This was emphasised by Minister of National Security, Dr. Horace Chang, who advised that organisers of these events “must put in place the necessary measures to ensure that the level of the sound does not cause disturbance” to neighbourhoods in proximity to the event.
The Minister was speaking at a press conference convened at Jamaica House on Wednesday, to discuss among other things, the Noise Abatement (Temporary Amendment) Act, which was passed in the House of Representatives on Tuesday (December 10).
The Bill is a short-term measure to provide for an extension of the time permissible for social and entertainment events over the period of the festive season, while ensuring that public order laws and regulations can be strictly carried out, notwithstanding the extension.
It provides for the extension of the time for social and entertainment events by two hours, to 2:00 a.m. generally, and 4:00 a.m. within certain parameters.
“If you exceed the sound levels and disturb the citizens in neighbouring areas, despite having permission to go until four [o’clock], the police will have the right to lock you down,” Dr. Chang warned.
He noted that given the fact that there will be increased events over the next eight weeks, the police will not have time to give a warning, which means that if the acceptable sound level is exceeded, the police will lock down the sound system on the first occasion.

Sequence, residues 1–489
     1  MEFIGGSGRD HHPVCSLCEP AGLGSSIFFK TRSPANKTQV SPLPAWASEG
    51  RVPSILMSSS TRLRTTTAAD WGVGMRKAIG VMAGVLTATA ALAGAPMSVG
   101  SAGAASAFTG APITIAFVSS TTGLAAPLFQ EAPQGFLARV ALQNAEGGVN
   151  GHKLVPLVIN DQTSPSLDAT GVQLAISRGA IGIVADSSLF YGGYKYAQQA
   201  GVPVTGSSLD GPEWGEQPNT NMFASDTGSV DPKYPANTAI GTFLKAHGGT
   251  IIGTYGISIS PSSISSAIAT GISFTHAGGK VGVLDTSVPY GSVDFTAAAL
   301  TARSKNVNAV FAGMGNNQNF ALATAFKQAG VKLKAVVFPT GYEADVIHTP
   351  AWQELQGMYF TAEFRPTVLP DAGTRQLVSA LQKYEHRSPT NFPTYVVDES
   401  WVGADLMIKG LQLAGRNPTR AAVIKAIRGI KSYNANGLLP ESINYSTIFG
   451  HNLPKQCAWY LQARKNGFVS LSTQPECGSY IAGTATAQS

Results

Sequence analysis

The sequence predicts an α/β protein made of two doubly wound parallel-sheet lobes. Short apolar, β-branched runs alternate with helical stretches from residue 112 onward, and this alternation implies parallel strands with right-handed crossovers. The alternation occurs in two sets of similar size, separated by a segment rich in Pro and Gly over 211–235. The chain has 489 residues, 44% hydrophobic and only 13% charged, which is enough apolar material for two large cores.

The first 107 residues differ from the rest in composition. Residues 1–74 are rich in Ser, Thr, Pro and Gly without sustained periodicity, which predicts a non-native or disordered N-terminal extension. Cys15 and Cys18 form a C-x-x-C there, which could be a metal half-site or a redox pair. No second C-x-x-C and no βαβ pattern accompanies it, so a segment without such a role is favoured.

“What will differ on the second occasion, if they return, my guidance to them [is that] they can apply the law and seize their equipment,” the Security Minister said.
Dr. Chang suggested that a more professional approach to the industry would solve many of the issues currently being encountered, stressing that “we have to… formalise it and we need to raise the bar”.
“Too many of our activities are informal. The music industry is having too big of an informal part. There are many trained sound engineers and sound technicians who can assist the professionals to organise their event in a way it doesn’t disturb anyone and still have quality music within the area of entertainment,” he said.
In the meantime, Mayor of Kingston, Senator Councillor Delroy Williams, said he has had discussions with many promoters, who also encounter problems with their “selectors”, noting that sometimes they give instructions for the decibel level to be lowered, but when the selectors change, it is turned back up.
“That’s something that we are going to say to the promoters – that’s their responsibility to deal with. They have to put in place the necessary management at the event to ensure that the event goes [smoothly] and that they don’t cause the disturbance that we are trying to prevent,” he said.
The new provisions are expected to come into effect on the weekend following the passage of the Bill in the Upper House, during its sitting on Friday (December 13), and ends January 31, 2020.
- Countries: Jamaica